“Curiosity killed the cat” was a headline written in an Irish newspaper back in 1868. That phrase has become an old proverb which implies that there are significant dangers associated with investigation, experimentation, or asking too many questions. Over the next 150 years we would come to learn that it is the sheer “lack of” curiosity that can kill our ability to be effective communicators and leaders. In addition, a lack of curiosity is the fastest way to kill these 3 important things:
- A lack of curiosity kills meaningful communication and relationships– both professionally and personally. Human beings want to feel seen and heard and the fastest way to appease this basic human need is through curiosity. Asking questions about someone is the quickest way for them to feel valued and cared for. In my early career as a communication coach, I would often feel intense pressure to be creative and interesting. Then one day a friend once challenged me to put the pressure of being interesting aside for a moment and instead focus all of my energy on simply being interested. That one little shift improved all future communication as well as the relationships in my life.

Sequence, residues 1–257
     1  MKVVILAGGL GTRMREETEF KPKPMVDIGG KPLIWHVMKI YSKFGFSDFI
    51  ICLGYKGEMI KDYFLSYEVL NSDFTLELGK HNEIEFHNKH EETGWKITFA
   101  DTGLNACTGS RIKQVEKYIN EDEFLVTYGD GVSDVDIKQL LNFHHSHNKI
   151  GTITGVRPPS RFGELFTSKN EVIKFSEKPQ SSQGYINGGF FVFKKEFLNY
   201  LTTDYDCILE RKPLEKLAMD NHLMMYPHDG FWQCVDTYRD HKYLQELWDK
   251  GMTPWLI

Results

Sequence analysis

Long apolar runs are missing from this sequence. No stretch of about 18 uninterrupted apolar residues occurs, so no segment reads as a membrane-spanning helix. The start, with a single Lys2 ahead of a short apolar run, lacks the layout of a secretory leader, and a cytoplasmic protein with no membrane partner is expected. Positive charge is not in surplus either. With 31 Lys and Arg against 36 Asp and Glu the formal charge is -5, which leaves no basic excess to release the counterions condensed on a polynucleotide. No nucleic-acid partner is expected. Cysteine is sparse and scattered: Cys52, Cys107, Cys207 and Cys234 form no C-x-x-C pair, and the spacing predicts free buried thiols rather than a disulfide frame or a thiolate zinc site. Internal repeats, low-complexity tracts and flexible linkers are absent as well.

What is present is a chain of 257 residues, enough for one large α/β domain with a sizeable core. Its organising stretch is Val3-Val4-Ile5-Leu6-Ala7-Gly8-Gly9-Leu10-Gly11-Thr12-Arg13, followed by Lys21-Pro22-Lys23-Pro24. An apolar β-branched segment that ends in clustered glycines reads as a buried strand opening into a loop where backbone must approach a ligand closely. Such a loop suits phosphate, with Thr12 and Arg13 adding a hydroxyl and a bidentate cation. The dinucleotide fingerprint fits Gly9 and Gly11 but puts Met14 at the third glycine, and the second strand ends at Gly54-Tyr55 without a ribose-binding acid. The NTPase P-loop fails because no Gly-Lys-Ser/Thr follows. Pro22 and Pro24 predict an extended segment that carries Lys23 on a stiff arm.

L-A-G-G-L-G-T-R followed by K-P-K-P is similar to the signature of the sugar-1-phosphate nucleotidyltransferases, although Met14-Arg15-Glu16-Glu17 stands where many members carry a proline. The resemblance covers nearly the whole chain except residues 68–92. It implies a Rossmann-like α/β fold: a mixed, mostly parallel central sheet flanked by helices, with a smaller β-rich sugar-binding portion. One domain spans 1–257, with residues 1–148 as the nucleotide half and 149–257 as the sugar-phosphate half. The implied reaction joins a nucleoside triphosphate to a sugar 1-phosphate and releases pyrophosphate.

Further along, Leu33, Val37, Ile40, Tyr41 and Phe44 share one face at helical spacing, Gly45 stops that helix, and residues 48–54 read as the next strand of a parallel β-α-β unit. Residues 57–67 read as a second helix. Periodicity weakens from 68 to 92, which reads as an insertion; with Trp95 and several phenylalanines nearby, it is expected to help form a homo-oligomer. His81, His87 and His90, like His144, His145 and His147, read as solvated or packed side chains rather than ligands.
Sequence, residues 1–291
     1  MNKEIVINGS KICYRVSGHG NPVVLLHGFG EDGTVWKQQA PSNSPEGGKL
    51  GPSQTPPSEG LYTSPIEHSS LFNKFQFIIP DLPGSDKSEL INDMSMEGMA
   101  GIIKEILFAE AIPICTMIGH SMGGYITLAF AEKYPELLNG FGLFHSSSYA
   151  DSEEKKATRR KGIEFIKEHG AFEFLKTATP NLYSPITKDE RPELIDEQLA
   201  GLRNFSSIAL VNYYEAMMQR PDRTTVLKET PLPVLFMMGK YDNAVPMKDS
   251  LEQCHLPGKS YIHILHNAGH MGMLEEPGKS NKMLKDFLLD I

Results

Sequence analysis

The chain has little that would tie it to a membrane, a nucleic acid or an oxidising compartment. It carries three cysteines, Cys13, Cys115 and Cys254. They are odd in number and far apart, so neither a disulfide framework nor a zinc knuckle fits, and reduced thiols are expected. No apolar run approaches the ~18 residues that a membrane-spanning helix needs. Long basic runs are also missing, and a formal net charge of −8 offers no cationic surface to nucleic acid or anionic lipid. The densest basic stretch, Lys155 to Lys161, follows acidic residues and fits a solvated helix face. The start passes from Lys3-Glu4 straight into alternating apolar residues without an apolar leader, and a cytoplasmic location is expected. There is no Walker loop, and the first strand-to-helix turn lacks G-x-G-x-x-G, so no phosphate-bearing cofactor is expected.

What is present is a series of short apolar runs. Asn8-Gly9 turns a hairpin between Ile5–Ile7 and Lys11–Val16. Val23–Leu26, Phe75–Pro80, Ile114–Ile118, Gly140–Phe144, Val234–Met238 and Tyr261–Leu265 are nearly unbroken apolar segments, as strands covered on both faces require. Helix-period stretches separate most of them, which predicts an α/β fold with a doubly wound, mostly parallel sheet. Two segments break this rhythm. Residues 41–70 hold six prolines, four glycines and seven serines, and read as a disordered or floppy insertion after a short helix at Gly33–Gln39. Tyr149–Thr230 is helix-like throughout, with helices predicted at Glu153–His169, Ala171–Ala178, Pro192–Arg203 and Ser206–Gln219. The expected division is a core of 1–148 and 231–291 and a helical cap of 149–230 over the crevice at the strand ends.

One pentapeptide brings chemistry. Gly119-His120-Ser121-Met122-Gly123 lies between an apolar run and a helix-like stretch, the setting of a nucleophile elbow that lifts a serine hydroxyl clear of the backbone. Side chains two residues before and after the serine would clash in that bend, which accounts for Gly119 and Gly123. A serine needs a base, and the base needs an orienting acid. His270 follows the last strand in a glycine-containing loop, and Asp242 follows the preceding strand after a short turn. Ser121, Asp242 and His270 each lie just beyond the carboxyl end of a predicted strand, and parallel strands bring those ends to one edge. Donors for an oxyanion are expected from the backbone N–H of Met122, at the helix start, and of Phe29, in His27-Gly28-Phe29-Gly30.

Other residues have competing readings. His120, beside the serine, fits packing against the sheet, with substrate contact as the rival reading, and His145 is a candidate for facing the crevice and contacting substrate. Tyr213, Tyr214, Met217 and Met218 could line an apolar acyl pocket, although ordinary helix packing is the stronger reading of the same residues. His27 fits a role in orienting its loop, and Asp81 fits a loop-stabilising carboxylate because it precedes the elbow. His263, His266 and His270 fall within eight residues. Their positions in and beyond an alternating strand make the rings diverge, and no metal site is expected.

- A lack of curiosity kills innovation- When our curiosity is activated, we feel engaged, we care, we want more. We think more deeply and intentionally and are able to come up with more creative solutions. Curiosity is really the fuel for innovation. As the brilliant Albert Einstein once said, “I have no special talents, I am only passionately curious!”
- A lack of curiosity kills a growth mindset- curiosity is key to a growth mindset and growth mindset is key to great leadership. So often in our work as leaders, we strive to become the expert. But that expert mentality can sometimes shut the door to curiosity and growth. A growth mindset is really about embracing the beginner’s mind and opening yourself up to the endless possibilities that will follow.
YOUR CURIOSITY CHALLENGE:
So are you ready to get curious? Here is a Curiosity Challenge to get you started. Each morning when you wake up ask yourself the following question- “What will I get curious about today?” Keep a post it note on your office wall or computer with that very question on it and simply pick one thing to get curious about. Will it be an existing process, a person on your team, a new skill?
The possibilities are endless and so are the benefits! Yes, curiosity may have killed the cat, but as we later learned, it was satisfaction that brought him back!
Curiosity is a skill we focus on in ELEVATE- Our signature Leadership Development program. Are you curious? Click here to learn more: Elevate: A Leadership Development Experience